Pork exports totaled 200,125 metric tons (mt) in April, up 4 percent year-over-year and the largest since March 2014. Export value ($512.1 million) was down 14 percent, reflecting lower pork prices. Through the first four months of 2015, pork exports were down 7 percent in volume (726,102 mt) and 14 percent in value ($1.93 billion) from the same period last year.
“Exports are still recovering from a slow start to the year, but the April results confirm that the U.S. industry is regaining global momentum,” said USMEF President and CEO Philip Seng. “April was really the first time this year that we saw relief from the West Coast port situation – not that shipping traffic was completely back to normal, but the worst of the congestion was clearly behind us. And despite the U.S. dollar continuing to be very strong relative to the currencies of most key customers and competitors, demand for U.S. meat is holding up well.”
Seng cautioned, however, that the strong dollar leaves the U.S. industry in a vulnerable position when competitors gain tariff advantages in key markets.
Mexico is once again the pacesetter for U.S. pork exports, with January-April volume up 8 percent year-over-year to 237,998 mt. Export value to Mexico slipped 13 percent, however, to $413.6 million, reflecting lower prices for hams, picnics and other key items. Exports to South Korea bucked the global trend by increasing even more in value ($241.8 million, up 45 percent) than in volume (79,401 mt, up 39 percent).
Other January-April highlights for U.S. pork include:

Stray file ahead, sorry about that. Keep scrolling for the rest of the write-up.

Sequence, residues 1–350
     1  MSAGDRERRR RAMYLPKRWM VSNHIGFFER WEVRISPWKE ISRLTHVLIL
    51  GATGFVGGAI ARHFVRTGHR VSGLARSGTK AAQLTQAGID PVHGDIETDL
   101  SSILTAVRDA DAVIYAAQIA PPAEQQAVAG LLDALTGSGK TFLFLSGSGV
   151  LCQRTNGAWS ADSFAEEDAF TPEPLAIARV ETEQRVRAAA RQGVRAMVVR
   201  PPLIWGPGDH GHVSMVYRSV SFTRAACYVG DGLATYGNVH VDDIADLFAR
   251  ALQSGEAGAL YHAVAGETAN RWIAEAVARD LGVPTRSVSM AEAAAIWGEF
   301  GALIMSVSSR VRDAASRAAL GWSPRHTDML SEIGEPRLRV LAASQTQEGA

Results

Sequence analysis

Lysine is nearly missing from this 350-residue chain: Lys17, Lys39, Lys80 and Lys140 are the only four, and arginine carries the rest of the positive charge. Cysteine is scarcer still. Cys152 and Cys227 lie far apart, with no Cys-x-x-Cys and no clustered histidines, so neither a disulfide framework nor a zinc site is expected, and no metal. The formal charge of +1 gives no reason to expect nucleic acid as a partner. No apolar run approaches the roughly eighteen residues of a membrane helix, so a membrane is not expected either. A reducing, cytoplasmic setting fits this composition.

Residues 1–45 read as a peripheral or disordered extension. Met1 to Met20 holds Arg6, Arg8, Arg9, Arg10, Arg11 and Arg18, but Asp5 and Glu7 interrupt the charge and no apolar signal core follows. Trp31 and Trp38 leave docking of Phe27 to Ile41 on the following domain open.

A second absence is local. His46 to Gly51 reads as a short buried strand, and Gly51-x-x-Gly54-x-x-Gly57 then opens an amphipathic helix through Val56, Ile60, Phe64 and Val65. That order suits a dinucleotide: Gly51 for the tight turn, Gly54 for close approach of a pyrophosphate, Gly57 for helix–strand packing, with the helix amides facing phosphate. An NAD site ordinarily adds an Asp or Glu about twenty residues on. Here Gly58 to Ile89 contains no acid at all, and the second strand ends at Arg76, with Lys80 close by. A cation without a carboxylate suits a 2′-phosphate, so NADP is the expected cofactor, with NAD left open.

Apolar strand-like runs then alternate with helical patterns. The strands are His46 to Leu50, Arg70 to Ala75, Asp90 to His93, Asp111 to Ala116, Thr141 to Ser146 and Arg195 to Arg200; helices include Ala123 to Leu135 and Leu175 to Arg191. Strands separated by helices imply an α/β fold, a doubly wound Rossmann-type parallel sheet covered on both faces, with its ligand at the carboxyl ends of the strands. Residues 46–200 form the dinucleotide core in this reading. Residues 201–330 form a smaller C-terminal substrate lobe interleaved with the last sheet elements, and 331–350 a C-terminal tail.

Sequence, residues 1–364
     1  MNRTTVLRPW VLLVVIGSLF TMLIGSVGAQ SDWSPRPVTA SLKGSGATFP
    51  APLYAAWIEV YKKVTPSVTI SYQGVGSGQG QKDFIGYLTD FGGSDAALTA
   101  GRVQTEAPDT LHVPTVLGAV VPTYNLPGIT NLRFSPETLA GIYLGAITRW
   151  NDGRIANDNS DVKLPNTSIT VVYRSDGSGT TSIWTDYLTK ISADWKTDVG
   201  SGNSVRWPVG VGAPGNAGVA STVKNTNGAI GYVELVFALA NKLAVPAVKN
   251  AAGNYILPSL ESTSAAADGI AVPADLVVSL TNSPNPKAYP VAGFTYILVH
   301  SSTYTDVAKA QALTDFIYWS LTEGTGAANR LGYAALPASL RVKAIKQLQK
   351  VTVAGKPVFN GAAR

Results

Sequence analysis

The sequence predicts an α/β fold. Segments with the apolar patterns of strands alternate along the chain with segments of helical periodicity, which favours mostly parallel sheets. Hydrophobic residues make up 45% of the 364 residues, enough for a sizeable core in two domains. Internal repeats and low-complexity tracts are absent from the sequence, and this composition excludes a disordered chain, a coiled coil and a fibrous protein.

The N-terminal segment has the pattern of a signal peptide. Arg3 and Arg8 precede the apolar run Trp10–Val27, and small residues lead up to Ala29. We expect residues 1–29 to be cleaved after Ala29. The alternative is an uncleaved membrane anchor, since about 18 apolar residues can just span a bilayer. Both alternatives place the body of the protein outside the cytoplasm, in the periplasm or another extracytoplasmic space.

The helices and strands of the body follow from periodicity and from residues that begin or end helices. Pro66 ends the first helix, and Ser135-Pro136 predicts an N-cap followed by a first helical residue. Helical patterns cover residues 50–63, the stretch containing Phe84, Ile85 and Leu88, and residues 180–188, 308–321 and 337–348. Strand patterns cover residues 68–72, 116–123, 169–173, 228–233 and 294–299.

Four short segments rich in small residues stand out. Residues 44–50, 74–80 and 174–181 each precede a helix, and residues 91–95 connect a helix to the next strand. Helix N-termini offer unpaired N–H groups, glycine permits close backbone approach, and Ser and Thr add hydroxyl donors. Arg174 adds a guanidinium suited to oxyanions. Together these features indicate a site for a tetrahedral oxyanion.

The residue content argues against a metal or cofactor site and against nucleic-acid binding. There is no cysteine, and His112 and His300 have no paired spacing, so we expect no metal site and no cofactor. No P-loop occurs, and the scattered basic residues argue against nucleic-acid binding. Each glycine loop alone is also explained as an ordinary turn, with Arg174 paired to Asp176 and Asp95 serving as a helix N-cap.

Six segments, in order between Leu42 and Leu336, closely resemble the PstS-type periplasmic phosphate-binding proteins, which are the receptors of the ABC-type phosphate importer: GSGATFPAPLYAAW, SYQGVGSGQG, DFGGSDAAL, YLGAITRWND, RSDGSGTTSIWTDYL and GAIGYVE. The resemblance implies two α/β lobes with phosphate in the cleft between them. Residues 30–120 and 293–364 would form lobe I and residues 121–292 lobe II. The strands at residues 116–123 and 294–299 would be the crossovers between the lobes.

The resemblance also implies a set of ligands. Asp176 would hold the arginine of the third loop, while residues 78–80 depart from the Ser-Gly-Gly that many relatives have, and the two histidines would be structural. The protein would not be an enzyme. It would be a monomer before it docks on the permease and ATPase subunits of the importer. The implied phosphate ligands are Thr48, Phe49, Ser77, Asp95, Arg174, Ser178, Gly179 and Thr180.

- Japan remains the leading value market for U.S. pork, despite an 18 percent drop in value to $552.4 million. Export volume to Japan was down 11 percent to $149.8 million. April exports to Japan were the largest in 12 months at 45,297 mt, but were still down 5 percent from a year ago.
- Having only a small number of plants approved for export to China continues to inhibit exports to the China/Hong Kong region, with exports down 30 percent in volume (99,184 mt) and 32 percent in value ($214.2 million). Exports regained some momentum in April, however, exceeding year-ago levels for the first time in 13 months, reflecting growth to Hong Kong.
- The Dominican Republic and Guatemala continue to be strong performers for U.S. pork in 2015. Exports to the Dominican Republic were up 32 percent in volume (8,398 mt) and 16 percent in value ($19.4 million), while totals for Guatemala were up 19 percent (to 4,597 mt) and 16 percent ($13.1 million), respectively.
Through the first four months of the year, pork exports equated to 24.5 percent of total production and 20.5 percent of muscle cut production – down from 28 percent and 23 percent, respectively, during the same period last year. Pork export value per head slaughtered averaged $50.35, down 19 percent from a year ago and 4.5 percent lower than in 2013.
Export statistics refer to both muscle cuts and variety meat unless otherwise noted.
One metric ton (mt) = 2,204.622 pounds.